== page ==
the end of the First World War, many returning pilots set up
their own aviation companies, offering a wide range of services.
They were prepared to carry mail, transport people from
community to community, fly into the north to carry equipment
and people, and carry out cargo. A significant number of pilots,
however, continued to demonstrate at summer fairs, showing off
their planes and flying skills while enthusiastic crowds cheered
In the early years before the war, only the larger
communities could host such demonstrations of flight, but after
the war, pilots began to exhibit in communities all over
Captain Fred McCall flew in Bassano, Brant, Brooks,
Cereal, Drumheller, High River, Innisfail, Macleod, Medicine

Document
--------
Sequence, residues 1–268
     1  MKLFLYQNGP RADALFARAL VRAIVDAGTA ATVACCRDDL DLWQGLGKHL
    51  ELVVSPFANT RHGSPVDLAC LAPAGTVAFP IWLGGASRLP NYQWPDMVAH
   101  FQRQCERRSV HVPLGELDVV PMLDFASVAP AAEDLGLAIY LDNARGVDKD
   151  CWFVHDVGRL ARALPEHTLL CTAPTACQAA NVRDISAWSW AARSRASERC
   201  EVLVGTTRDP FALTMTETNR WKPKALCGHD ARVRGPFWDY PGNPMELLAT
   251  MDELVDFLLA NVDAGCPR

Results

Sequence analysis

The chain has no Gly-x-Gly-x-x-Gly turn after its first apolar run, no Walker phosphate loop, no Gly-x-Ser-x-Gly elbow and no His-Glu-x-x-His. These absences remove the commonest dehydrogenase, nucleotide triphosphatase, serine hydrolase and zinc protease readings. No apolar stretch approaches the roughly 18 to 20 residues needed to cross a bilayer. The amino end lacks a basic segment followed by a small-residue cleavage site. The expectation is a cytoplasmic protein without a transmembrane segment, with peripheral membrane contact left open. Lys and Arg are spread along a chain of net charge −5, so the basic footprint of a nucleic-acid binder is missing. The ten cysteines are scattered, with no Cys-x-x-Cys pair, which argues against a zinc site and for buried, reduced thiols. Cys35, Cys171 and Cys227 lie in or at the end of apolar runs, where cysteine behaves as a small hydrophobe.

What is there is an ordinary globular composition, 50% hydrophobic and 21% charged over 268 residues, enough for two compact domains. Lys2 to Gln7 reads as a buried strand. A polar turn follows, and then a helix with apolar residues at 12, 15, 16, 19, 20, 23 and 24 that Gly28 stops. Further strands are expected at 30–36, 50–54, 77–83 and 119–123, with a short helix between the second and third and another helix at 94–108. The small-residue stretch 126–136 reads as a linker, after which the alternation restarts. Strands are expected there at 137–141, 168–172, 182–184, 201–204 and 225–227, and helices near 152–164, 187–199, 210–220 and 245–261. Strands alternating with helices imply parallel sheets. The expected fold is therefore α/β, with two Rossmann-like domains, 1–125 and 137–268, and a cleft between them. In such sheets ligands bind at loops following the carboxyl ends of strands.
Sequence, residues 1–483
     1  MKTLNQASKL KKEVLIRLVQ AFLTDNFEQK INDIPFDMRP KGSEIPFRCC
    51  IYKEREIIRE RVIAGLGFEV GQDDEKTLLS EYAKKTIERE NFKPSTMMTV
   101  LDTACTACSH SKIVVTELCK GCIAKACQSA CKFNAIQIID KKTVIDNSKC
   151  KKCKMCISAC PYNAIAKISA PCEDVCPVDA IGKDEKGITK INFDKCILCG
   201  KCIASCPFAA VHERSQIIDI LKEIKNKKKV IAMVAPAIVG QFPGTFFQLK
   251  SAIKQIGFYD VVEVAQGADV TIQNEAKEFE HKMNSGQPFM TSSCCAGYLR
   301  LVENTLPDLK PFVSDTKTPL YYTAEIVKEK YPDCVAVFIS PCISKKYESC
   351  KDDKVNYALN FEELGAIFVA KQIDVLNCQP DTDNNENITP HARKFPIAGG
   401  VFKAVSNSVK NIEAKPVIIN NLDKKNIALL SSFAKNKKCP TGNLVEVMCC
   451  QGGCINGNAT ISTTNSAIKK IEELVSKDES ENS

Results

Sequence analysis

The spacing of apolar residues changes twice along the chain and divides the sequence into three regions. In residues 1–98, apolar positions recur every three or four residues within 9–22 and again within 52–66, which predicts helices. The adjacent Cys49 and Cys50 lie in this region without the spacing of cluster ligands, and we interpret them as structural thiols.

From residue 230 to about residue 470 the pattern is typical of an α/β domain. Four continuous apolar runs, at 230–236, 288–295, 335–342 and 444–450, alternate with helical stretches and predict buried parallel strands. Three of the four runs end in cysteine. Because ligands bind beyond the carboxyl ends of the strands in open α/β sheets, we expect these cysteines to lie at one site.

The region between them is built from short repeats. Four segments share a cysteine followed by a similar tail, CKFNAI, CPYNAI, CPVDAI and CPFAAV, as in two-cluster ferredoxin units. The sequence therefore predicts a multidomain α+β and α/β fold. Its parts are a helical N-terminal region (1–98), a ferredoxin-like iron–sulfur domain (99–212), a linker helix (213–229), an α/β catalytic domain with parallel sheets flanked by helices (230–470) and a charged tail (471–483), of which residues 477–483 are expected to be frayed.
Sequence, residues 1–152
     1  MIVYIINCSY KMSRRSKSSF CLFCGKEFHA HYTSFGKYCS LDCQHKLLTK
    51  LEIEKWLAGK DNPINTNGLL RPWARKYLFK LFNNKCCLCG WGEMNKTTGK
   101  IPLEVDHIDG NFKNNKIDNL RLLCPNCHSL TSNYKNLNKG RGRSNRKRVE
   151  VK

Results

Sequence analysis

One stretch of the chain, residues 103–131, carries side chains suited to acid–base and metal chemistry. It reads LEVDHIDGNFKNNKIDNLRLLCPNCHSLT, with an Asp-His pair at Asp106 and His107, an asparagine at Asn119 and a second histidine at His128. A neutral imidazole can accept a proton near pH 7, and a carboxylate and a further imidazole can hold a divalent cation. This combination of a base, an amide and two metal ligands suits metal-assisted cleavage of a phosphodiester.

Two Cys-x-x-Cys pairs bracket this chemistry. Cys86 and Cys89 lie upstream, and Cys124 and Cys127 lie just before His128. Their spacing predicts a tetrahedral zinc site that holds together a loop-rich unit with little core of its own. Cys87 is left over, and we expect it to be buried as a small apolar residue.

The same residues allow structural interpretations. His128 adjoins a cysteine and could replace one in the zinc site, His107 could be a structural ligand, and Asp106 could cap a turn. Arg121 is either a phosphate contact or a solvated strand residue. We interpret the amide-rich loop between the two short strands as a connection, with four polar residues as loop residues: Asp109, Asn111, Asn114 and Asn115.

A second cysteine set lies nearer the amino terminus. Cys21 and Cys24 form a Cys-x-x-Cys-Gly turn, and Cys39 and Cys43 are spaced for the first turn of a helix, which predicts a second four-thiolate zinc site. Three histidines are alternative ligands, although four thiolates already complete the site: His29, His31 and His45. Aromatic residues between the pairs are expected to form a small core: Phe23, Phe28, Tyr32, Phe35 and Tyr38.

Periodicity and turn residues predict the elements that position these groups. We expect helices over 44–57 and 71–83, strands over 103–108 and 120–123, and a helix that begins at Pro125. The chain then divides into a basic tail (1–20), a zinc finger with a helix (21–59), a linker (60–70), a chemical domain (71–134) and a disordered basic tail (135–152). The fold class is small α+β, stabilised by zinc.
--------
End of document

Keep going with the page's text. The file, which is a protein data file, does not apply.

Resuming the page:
Hat, Munson, Olds, Okotoks, Rockyford, Stettler, and Taber. Wop
May flew north and performed in Grande Prairie and Peace River.
Pilots offered rides to anyone, and there were many eager passengers until the economy turned downward in the 1930s.
The air shows remained popular and many pilots took part in them until their aircraft were too old
and the cost of repairing or maintaining their equipment became too great.
May Airplanes Ltd. accepted advertising and also found
contracts to fly demonstrations at summer fairs in Red Deer,
Camrose, Lloydminster, North Battleford, and Prince Albert. To
increase the profile of flying in Alberta, the May’s aircraft,
The City of Edmonton, made deliveries to various
communities and performed stunts.